Question 19 help/advice


Well-Known Member
Some history here, my normal go to AME doesn’t care about routine doc or walk in visits and has told me not to bother; random sinus infections or colds etc. So for the last 10yrs i haven’t reported that stuff unless it was a surgery or hospital admission etc.

Im running into the problem now where due to covid-19, their offices are closed and I am scrambling to find a new AME for this year.

I am not opposed to making the reports ( i have nothing to hide and no major issues) but I think if i had no history last year and now all of a sudden i have 3 yrs of history that looks pretty fishy.
So how do i start reporting this? Just put in the last 12mo worth (might be 2 doc visits and some chiro) and over the next 3 years start building that history?

my other issue is if i go to an AME in the same network as my visits they have access to all those visits to if they want, so I can’t exactly check No to 19, and i don’t really want too. I would like to make sure everything is correct, i cant go back and correct the past so what do i do going forward??????


Well-Known Member
Hi Blip16,

For starters, with the FAA emergency rules your medical is valid until June 30 if the certificate was set to expire between March 30 and June 30. So you could wait until your usual AME opens for business again.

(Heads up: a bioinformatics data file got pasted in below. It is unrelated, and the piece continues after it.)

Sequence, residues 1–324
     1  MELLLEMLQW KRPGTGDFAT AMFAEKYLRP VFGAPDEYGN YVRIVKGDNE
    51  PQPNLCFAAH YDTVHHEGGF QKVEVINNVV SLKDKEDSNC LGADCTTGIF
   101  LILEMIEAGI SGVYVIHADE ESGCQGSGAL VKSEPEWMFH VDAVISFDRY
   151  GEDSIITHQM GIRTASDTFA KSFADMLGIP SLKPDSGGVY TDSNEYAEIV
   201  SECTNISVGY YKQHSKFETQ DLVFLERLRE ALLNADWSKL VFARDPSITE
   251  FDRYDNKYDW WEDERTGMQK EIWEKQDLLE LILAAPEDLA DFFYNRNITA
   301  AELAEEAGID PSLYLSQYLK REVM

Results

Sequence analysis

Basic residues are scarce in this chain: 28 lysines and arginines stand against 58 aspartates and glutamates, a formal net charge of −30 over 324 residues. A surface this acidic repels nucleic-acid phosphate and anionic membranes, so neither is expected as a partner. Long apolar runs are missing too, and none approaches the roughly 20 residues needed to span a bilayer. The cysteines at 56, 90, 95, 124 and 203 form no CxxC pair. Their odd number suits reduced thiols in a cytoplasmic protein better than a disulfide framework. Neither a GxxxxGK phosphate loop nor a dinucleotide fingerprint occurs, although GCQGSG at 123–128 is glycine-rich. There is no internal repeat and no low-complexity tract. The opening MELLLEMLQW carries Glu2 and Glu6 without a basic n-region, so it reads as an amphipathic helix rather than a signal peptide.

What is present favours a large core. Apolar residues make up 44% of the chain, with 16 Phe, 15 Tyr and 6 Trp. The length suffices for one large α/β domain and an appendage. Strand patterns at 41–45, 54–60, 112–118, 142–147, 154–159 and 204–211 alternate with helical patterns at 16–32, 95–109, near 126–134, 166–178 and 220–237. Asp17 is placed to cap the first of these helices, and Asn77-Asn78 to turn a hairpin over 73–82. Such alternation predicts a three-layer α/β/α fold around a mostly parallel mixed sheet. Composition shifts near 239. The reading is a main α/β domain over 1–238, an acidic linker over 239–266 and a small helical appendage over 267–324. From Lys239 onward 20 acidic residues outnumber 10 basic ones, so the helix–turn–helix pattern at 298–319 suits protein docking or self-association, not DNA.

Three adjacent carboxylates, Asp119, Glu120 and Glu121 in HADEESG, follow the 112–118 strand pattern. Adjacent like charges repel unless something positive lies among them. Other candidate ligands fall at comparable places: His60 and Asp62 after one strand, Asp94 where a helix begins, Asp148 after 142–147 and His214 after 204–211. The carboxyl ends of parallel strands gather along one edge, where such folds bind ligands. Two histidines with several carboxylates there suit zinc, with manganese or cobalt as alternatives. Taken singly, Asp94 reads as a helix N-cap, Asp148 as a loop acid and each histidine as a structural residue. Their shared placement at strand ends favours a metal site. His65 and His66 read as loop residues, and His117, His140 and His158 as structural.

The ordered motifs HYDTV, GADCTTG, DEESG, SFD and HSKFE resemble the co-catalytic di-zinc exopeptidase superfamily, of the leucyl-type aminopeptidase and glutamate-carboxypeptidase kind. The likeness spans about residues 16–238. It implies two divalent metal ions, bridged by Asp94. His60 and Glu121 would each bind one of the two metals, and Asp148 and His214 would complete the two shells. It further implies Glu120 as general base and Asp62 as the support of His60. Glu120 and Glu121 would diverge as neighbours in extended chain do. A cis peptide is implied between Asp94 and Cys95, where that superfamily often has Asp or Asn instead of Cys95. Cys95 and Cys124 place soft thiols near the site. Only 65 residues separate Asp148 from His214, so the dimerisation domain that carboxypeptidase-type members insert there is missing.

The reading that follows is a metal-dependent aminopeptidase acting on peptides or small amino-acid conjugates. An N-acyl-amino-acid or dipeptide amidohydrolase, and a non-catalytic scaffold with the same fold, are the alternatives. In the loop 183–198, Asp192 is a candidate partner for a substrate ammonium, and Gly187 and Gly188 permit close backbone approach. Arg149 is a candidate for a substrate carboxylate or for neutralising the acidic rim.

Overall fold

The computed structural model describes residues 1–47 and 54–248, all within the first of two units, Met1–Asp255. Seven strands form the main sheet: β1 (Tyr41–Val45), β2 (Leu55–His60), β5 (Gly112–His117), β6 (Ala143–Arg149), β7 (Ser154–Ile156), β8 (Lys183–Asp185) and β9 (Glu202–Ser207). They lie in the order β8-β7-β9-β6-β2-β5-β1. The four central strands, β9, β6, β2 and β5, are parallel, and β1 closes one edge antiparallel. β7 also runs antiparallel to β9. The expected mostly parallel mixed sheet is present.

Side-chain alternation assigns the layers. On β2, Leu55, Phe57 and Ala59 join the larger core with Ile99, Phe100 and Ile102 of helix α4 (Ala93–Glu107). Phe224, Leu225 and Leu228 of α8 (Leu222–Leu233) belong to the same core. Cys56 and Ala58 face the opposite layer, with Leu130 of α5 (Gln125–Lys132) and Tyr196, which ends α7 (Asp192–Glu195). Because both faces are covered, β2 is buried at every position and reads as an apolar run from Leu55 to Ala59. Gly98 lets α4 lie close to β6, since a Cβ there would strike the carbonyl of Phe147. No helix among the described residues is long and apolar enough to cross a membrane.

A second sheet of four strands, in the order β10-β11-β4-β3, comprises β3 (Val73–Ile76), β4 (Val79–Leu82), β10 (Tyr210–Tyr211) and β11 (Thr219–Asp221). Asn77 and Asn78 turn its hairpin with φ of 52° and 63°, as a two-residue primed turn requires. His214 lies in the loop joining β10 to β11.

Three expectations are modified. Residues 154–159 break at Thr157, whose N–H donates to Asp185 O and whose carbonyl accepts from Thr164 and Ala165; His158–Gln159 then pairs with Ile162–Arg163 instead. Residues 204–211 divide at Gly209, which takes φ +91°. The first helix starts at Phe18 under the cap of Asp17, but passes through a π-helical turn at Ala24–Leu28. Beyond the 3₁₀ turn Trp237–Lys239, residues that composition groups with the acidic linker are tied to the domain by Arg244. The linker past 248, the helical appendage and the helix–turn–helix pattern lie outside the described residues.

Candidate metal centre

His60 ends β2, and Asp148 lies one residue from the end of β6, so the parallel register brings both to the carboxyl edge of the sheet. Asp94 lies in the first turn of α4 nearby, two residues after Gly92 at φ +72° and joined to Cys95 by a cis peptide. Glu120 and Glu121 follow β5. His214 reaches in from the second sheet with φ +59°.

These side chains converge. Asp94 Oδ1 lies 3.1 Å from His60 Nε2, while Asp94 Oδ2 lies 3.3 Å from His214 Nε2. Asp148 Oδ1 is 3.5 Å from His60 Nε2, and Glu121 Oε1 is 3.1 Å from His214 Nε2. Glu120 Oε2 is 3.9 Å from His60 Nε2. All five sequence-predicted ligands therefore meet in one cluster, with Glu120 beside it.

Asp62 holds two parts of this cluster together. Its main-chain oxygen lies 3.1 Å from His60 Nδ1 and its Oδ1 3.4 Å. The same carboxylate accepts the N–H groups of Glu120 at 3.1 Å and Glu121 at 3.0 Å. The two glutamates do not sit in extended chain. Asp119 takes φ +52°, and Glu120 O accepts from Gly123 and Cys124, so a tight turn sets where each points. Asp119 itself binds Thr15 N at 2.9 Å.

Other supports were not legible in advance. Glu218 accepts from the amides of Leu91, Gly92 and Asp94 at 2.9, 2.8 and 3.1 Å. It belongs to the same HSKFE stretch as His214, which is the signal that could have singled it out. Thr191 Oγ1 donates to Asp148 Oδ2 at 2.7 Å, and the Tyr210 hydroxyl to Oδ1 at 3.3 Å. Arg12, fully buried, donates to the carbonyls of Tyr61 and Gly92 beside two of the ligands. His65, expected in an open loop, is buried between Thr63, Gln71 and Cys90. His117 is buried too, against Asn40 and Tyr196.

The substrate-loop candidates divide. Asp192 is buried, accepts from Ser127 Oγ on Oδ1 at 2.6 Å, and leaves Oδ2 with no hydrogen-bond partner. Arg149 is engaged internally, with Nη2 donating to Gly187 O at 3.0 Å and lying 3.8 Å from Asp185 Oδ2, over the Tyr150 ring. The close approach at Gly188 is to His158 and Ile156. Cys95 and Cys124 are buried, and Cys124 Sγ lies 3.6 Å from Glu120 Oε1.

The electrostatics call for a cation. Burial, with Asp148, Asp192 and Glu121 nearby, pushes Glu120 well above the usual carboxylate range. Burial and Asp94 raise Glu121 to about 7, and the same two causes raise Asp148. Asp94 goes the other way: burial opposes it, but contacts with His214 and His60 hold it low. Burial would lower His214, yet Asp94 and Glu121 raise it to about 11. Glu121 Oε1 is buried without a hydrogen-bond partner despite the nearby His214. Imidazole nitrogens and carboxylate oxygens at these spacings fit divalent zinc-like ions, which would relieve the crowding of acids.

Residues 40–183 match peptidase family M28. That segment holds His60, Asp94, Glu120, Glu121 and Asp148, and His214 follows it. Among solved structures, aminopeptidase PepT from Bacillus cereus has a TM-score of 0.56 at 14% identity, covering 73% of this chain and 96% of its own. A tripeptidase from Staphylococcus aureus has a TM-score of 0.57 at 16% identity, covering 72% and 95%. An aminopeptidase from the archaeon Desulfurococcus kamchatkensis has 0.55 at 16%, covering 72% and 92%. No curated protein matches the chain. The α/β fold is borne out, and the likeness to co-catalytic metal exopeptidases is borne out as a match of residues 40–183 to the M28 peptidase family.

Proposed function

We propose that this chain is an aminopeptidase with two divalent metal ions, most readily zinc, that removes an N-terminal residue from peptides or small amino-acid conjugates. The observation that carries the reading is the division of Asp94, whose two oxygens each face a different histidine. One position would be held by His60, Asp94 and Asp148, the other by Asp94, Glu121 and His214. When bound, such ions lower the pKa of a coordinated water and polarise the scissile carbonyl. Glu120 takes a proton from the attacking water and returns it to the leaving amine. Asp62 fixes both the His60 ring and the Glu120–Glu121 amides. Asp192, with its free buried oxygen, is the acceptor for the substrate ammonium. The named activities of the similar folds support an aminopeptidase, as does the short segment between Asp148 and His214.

That being said, the guidance in the AME guide is:

"Routine dental, eye, and FAA periodic medical examinations and consultations with an employer-sponsored employee assistance program (EAP) may be excluded unless the consultations were for the applicant's substance abuse or unless the consultations resulted in referral for psychiatric evaluation or treatment. "

as well as

"The applicant should list visits for counseling only if related to a personal substance abuse or psychiatric condition. "

Your best bet would be to comply and to list your visits for the last 3 years. If there is nothing disqualifying there I doubt anything serious will come of it. I am not aware of an airman being penalized for listing visits that were previously omitted. You put yourself at more risk by not listing the visits and having the FAA find out later from another source, which would put you under the microscope.

Best Regards,

Aaron Florkowski, MD
FAA designated Aviation Medical Examiner